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<ws> poorly defined #1729

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jdoege opened this issue Jan 11, 2018 · 5 comments
Closed

<ws> poorly defined #1729

jdoege opened this issue Jan 11, 2018 · 5 comments

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@jdoege
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@jdoege jdoege commented Jan 11, 2018

In Language/grammars.pod ws is defined at line 209 as one or more whitepace characters or a word boundary, i.e./ \s+ | <|w> /
If, however, you define in a grammar, token ws { \s+ | <|w> } , you may find that your previously working parser no longer parses.
After looking in Language/regexes, I found there are some examples of redefining ws but no definition of how ws is defined by default. Those examples provided a clue that, perhaps ws is actually defined as, token ws { <!ww> | \s+ }. Searching further, I found in stackoverflow a comment by moritz that ws is, in fact defined as token ws { <!ww> | \s+ }. https://stackoverflow.com/questions/47728466/perl-6-grammar-doesnt-match-like-i-think-it-should
The default definition of ws should be corrected in grammars.pod and added to the sigspace section of regexes.pod.

One other point that might be made clear is that a grammar that explicitly defines ws behaves a bit differently than one which uses the default definition. Using the default, ws gets thrown away. When ws is explicitly defined, whatever it parses gets put into the parse tree.

@tisonkun
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@tisonkun tisonkun commented Jan 12, 2018

@coke coke added the docs label Jan 17, 2018
@ronaldxs
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@ronaldxs ronaldxs commented Mar 23, 2018

Language/grammars in the middle of the section on <ws> says:

https://github.com/perl6/doc/blob/9db0df2854fbf86601ff1f3ab1a3b160ba3c1a1b/doc/Language/grammars.pod6#L212-L213

The sigspace section of Language/regexes first implies the same idea saying

By default, <.ws> makes sure that words are separated

and then shows, if you knew what you were looking for in the first place, that it is not talking about <|w> by saying

"^&" ... will match <.ws> in the middle

which is correct but neither <|w> nor \s+ matches that case.

https://github.com/perl6/doc/blob/9b6ee713775238f3dab58397f72f8b1c318d6886/doc/Language/regexes.pod6#L1546-L1548

In the stack overflow article moritz says the <ws> definition is ws { <!ww> \s* } which is a shade different and close to source:

moritz stackoverflow: https://stackoverflow.com/questions/47728466/perl-6-grammar-doesnt-match-like-i-think-it-should#comment82426178_47728653
source: https://github.com/perl6/nqp/blob/a2f66567052e827a39cfda6d8908f62532ef3b12/src/NQP/Grammar.nqp#L59-L68

I think it might be helpful for the <!ww> \s* approximation to be in the relevant docs.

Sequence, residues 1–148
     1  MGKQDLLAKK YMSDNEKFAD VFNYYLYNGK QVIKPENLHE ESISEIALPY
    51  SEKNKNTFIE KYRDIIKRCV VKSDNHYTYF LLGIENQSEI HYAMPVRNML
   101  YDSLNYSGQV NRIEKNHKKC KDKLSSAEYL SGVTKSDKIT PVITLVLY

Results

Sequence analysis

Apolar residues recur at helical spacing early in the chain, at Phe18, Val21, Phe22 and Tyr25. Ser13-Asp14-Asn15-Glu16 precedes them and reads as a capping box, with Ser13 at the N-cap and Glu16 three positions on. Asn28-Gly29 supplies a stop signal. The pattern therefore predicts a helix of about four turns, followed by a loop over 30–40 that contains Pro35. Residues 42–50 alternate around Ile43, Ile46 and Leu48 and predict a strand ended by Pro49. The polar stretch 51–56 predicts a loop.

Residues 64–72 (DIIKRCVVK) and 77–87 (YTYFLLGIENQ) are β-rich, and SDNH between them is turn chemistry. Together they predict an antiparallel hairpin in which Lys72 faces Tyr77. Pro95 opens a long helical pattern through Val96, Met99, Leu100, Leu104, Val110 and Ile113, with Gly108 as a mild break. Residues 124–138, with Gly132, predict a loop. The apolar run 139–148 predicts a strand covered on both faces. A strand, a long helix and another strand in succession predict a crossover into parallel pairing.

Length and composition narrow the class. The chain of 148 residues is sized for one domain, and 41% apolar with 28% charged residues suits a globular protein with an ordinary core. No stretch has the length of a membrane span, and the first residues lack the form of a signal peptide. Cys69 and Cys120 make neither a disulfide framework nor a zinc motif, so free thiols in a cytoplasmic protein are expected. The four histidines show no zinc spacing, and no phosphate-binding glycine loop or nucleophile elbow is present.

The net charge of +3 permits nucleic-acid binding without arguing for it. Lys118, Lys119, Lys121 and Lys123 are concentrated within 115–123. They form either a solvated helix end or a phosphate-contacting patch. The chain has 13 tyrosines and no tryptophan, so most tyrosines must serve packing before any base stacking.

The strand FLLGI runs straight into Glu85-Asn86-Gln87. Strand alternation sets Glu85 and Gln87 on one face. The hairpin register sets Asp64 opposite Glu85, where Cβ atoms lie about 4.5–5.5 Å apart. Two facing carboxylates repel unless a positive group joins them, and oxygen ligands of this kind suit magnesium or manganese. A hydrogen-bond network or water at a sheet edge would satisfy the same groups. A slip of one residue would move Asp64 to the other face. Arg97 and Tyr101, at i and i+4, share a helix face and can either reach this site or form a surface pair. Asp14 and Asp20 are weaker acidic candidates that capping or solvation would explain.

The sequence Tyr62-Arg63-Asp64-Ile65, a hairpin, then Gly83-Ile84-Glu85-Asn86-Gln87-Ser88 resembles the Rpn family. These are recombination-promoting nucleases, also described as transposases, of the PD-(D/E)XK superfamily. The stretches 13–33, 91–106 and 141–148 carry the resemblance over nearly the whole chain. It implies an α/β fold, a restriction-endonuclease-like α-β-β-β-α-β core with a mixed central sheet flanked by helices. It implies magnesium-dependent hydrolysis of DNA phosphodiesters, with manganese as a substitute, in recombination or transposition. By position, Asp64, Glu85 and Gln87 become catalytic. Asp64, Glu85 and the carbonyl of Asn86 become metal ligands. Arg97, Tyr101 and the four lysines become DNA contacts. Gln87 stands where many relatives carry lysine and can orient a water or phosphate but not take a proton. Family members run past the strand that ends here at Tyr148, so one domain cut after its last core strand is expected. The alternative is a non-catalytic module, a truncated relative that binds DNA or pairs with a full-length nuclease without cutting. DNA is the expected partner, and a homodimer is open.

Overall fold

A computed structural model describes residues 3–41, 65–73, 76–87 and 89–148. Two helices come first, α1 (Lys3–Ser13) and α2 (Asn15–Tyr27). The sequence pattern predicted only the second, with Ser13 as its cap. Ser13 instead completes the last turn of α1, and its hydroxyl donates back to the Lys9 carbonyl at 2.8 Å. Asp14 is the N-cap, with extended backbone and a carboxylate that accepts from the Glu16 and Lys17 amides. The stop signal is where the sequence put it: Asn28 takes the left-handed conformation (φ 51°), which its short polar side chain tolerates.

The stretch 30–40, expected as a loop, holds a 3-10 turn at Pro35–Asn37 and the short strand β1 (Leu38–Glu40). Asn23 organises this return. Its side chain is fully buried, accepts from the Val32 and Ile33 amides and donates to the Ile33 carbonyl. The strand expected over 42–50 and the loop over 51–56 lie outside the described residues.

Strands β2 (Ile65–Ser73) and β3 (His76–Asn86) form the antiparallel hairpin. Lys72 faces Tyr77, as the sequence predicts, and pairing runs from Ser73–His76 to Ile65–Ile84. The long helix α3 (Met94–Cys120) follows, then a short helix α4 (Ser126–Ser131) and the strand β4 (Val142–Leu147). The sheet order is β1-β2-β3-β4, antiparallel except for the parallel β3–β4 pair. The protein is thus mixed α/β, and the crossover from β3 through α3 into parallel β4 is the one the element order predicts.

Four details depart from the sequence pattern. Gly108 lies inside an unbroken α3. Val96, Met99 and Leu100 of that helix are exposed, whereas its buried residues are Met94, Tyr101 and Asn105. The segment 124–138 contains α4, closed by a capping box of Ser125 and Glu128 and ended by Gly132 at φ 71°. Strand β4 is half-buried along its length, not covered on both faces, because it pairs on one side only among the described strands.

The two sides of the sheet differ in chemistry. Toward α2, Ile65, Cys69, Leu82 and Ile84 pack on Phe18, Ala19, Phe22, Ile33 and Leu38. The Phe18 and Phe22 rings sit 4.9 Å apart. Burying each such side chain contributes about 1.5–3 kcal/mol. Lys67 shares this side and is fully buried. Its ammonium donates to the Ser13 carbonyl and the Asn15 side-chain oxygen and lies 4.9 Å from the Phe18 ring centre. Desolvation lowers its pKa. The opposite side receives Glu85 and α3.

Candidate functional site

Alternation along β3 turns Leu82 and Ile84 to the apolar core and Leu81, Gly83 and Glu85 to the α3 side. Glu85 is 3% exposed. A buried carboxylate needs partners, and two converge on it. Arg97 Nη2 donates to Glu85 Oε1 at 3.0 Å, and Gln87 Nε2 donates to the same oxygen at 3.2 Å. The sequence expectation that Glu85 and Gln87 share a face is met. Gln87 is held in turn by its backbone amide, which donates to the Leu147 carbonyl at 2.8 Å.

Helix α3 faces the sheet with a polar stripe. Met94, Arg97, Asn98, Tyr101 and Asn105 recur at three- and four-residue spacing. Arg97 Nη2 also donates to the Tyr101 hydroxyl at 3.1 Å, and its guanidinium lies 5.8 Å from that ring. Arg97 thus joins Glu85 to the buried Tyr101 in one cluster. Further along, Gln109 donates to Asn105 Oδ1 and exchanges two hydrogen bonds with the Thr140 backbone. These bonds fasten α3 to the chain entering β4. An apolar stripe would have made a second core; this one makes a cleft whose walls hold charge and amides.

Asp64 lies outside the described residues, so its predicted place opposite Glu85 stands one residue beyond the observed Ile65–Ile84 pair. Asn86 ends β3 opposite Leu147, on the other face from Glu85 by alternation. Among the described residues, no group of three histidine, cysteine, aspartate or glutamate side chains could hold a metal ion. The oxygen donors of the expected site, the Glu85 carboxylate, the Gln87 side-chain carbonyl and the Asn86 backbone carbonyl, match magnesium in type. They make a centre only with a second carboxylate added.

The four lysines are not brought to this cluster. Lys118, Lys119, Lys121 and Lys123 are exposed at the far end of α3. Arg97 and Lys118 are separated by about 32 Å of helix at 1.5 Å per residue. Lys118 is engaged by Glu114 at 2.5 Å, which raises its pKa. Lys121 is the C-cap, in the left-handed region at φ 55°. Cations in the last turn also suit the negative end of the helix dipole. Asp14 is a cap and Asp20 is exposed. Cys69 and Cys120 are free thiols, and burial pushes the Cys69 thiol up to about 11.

The idea that <ws> matches word separation other than spaces between words is adequately explained but a bit counterintuitive and buried in the middle of the relevant sections. For the regexes sigspace section a fourth example might be added to the first three demonstrating it (for example):

say so "I used a Photoshop(photo shop)" ~~ m:i:s/ photo shop /;'

Or a stronger hint could be added to the second example by adding a '.' period at the end of the sentence:

say so "I used a photo shop." ~~ m:i:s/ photo shop /;

In the grammars <ws> section the sentence starting with

The default ws

and the block of examples just below it might be moved to the top and again @moritz simplification of the <ws> definition to { <!ww> \s* } might be included there.

The two sections should also point to each other.

So I was confused about <ws> as was the original poster of the issue, and my confusion was based in part in looking at @albastev's modelica grammar which defines ws as zero or more spaces but doesn't have a concept of an actual word break leading, I believe, the grammar to add many otherwise unneeded <|w> tests next to keywords.

Thanks to @AlexDaniel for his patience helping to explain some of this on IRC #perl6.

@JJ
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@JJ JJ commented Jul 24, 2018

Maybe this issue #2211 will also solve this one? At any rate, can you please check now for the definition?

@JJ
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@JJ JJ commented Jun 1, 2019

@tisonkun if I got the Rakudo bug correctly, the main problem is when re-defining ws in a Grammar, not in the definition of ws itself, which this issue is about, right?

@JJ JJ added the external label Jun 1, 2019
@JJ
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@JJ JJ commented Jun 1, 2019

Added the external label since it's waiting for this issue to be solved (via @tisonkun )

JJ added a commit that referenced this issue Jun 1, 2019
@JJ JJ changed the title <.ws> poorly defined <ws> poorly defined Jun 1, 2019
@JJ JJ closed this in c0e9876 Jun 1, 2019
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